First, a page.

24V system 100A and Battery wire size.

ddanley

New Member
Joined
Sep 10, 2021
Messages
34
Newbie question, sorry....

I plan on using Growatt 24V SPF 3000TL LVM - 3kW inverted and 2 12V 200AH batteries. Each battery has a 100A BMS, so .. if I connect them in series to get 24 Volts , the max supported draw would be 24V @ 100 Amps. Pleaseeeee correct me if I am wrong.

If the above is true, Would I need 2 guage wire to connect the batteries in series and from the batteries to the inverter?

Thank you!

The Rookie
 

DThames

Photon Sorcerer
Joined
Nov 22, 2019
Messages
1,424
Newbie question, sorry....

I plan on using Growatt 24V SPF 3000TL LVM - 3kW inverted and 2 12V 200AH batteries. Each battery has a 100A BMS, so .. if I connect them in series to get 24 Volts , the max supported draw would be 24V @ 100 Amps. Pleaseeeee correct me if I am wrong.

If the above is true, Would I need 2 guage wire to connect the batteries in series and from the batteries to the inverter?

Thank you!

The Rookie
You are correct about the amps. I used #2 on my similar setup.
 

chrisski

Photon Sorcerer
Joined
Aug 14, 2020
Messages
2,351
Yes that will do, but a couple of things to look at.

-What is the surge rating of the BMS? That can up that amperage for whatever time it allows the surge for.

-Do you really plan on using 100 amps? If not you can make the wiring size smaller and fuse accordingly.

-Is voltage loss a factor? I doubt it, but a longer run may cause voltage loss issues.
 

rmaddy

Full-time Solar-powered Trailer Life
Joined
Nov 16, 2019
Messages
1,211
3000W / 24V / 0.85 efficiency factor is 150A, not 100A. I’d wire for 150A. Fuse with 190A-200A. 2AWG 1AWG wire should work.

But if your battery BMS only allows 100A continuous discharge then you can’t pull the full 3000W. You might want to fuse lower. Depends on whether you want a fuse to pop or the batteries to over discharge and the BMS to shutdown.

Edit: Should be 1AWG, not 2AWG for 150A
 
Last edited:

chrisski

Photon Sorcerer
Joined
Aug 14, 2020
Messages
2,351
Totally missed the 3000 watt inverter. With that, expect the BMS to shut off before the inverter can pull its max load.
 

ddanley

New Member
Joined
Sep 10, 2021
Messages
34
3000W / 24V / 0.85 efficiency factor is 150A, not 100A. I’d wire for 150A. Fuse with 190A-200A. 2AWG wire should work.

But if your battery BMS only allows 100A continuous discharge then you can’t pull the full 3000W. You might want to fuse lower. Depends on whether you want a fuse to pop or the batteries to over discharge and the BMS to shutdown.

Is it bad to let the BMS shut down as opposed to blowing a fuse? I don't expect to pull this kind of load, but just in case.....
 

Diysolar123

Solar Addict
Joined
Feb 28, 2021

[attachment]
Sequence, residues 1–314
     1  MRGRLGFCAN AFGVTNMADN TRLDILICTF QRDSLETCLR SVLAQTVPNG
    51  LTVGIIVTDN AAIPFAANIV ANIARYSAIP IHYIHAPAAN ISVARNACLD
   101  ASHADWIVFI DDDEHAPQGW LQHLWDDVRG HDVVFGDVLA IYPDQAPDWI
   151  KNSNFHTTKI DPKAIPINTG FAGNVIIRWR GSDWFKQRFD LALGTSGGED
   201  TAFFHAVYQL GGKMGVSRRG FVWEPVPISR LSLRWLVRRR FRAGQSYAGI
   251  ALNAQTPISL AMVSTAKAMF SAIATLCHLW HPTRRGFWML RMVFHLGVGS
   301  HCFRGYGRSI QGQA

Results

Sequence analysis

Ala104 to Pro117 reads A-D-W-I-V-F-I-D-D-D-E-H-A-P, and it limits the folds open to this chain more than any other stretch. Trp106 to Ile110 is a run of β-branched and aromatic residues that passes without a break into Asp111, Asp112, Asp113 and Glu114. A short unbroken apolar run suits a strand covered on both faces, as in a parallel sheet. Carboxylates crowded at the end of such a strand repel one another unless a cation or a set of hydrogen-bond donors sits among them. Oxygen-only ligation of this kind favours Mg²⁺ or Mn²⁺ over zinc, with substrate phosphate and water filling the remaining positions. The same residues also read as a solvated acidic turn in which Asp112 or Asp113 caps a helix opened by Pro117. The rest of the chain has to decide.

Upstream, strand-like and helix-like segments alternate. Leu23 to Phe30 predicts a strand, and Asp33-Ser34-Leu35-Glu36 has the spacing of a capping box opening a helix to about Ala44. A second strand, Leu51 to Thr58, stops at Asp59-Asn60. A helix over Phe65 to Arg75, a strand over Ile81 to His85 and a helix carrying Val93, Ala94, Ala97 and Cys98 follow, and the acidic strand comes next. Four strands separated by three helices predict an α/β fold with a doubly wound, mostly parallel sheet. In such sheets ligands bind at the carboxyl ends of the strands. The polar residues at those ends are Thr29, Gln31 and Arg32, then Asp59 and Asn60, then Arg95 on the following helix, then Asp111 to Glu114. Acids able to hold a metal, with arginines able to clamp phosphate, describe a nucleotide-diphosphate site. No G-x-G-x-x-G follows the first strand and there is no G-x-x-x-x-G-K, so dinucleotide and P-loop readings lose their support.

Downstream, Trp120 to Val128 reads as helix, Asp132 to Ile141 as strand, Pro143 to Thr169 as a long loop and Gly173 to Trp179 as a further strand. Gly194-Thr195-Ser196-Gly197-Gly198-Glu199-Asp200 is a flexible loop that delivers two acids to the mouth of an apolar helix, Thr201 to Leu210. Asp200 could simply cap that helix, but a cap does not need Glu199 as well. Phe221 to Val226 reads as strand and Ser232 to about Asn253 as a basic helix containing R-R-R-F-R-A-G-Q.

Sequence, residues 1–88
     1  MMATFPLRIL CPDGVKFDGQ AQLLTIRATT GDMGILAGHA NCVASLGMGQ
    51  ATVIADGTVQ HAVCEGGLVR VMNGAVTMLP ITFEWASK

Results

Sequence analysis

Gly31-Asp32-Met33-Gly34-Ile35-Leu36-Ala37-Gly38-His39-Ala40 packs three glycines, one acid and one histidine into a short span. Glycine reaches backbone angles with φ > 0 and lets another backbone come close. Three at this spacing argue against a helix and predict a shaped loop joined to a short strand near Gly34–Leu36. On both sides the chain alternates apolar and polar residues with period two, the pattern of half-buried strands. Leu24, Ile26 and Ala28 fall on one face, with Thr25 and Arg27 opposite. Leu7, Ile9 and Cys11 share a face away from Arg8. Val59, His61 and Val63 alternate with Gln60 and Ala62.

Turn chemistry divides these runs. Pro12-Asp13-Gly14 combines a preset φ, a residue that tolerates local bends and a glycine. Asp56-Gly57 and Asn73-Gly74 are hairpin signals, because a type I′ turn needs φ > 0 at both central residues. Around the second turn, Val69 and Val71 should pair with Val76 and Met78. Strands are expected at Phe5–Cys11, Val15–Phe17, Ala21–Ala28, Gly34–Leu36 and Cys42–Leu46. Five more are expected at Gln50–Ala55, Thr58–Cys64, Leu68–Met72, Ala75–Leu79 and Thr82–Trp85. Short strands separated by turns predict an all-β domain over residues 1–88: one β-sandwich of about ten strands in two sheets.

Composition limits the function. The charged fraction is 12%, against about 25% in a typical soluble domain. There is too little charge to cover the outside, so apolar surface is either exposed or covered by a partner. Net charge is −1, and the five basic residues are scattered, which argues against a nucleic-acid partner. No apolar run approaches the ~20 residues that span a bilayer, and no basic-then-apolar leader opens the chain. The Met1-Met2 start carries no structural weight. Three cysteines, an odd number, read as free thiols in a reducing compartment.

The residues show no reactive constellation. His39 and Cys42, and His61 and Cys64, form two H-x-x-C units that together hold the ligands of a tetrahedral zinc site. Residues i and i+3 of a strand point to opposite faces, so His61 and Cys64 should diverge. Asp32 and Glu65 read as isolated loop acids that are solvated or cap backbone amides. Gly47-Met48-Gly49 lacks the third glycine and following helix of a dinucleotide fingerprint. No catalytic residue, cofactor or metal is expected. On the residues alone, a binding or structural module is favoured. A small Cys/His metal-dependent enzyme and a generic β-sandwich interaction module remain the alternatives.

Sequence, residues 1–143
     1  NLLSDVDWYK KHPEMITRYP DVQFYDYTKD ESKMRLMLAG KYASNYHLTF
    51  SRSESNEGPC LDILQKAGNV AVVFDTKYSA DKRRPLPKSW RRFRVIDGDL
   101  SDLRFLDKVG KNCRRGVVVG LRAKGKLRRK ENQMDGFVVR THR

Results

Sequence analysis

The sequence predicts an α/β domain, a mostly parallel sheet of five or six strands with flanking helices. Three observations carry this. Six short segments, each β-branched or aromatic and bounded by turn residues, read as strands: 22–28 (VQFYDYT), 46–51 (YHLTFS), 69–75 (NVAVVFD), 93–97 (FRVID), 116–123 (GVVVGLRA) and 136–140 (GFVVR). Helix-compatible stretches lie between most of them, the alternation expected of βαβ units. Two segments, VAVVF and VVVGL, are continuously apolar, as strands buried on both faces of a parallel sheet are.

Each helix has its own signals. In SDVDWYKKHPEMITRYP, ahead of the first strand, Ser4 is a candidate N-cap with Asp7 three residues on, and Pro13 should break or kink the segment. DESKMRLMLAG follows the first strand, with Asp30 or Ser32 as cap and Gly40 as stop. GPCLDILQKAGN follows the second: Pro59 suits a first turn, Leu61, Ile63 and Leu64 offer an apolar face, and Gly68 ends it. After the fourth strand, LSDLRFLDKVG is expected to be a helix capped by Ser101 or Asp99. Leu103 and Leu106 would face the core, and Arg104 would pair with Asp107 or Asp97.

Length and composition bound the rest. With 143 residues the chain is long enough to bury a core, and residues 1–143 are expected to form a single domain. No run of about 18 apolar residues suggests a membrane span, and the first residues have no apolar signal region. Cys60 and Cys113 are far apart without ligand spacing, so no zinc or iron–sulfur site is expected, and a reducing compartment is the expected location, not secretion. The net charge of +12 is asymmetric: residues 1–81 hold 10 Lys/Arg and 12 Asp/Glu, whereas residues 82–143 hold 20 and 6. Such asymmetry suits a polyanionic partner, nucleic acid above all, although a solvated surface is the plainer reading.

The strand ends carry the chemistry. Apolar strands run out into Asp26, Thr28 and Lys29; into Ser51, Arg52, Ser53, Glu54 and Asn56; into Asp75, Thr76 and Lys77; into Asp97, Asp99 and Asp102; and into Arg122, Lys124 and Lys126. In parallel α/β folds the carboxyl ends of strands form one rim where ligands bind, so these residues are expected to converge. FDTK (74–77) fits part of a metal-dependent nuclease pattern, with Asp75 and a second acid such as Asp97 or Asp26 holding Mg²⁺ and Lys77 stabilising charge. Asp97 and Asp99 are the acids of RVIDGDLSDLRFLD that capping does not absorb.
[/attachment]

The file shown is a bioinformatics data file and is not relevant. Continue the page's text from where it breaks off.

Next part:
Messages
642
Is it bad to let the BMS shut down as opposed to blowing a fuse? I don't expect to pull this kind of load, but just in case.....
the bms is trying to protect the battery, the fuse is trying to protect the wires(well, and everything else) hehe
I would probably probably prefer in the event of a short/high current drain event to have my fuse blow; its a cheap component to keep a spare of, it is easy to diagnose when it fails, and it does a great job making sure you know there was a fault and before you put in another fuse you should make sure you have figured out what was wrong ;)
 

rickst29

Solar Addict
Joined
Mar 27, 2021
Messages
336
Location
Reno, NV
Don't forget to also add a switched "pre-charge" line, with a moderate-sized resistor, to handle the initial "rush" of current to charge the Inverter's capacitors. Without such a pre-charge circuit, you will probably blow your fuse or exceed your BMS limit.

LFP batteries have extremely low resistance, and the pair of BMS units doesn't add much either. A 3000 watt inverter can pull MUCH more than 150A (maybe as much as 400A?) for a very short period of time, right when you turn it on.

The resistance need not be very high (25 or ohms should be fine). But it does need to have considerable power handling. I use a 50W, 25 ohm wire-wound resistor, which was built into a small heat-dissipating aluminum case. (They cost less than $5). I also have a high-capacity dual battery switch (#1 - Both - #2) to activate the small-wired "pre-charge" circuit first (it's only AWG-10 fused for 30A), for just a second or two. Then I switch through the "Both" switch position, in order to reach the main-line-alone "Battery #2" position before turning on my 120v equipment.

In general, you don't want EITHER blown fuses or BMS over-current invoked and shutting down. The more likely cause of over-current in your configuration is the capacitor pre-charge and current rush-in - not your 120v load. There are several posts and even a video on this subject - search is your friend, if you need more information.
 

rickst29

Solar Addict
Joined
Mar 27, 2021
Messages
336
Location
Reno, NV
Is it bad to let the BMS shut down as opposed to blowing a fuse? I don't expect to pull this kind of load, but just in case.....
If the "high-current" is so extreme that it fries the BMS internal switch, before the internal detector can open the switch, then it's "new BMS" time. And even for the case of a recoverable event - it is typically more of a hassle to make a BMS 'restart', than it is to replace a fuse. But you should design to avoid both problems.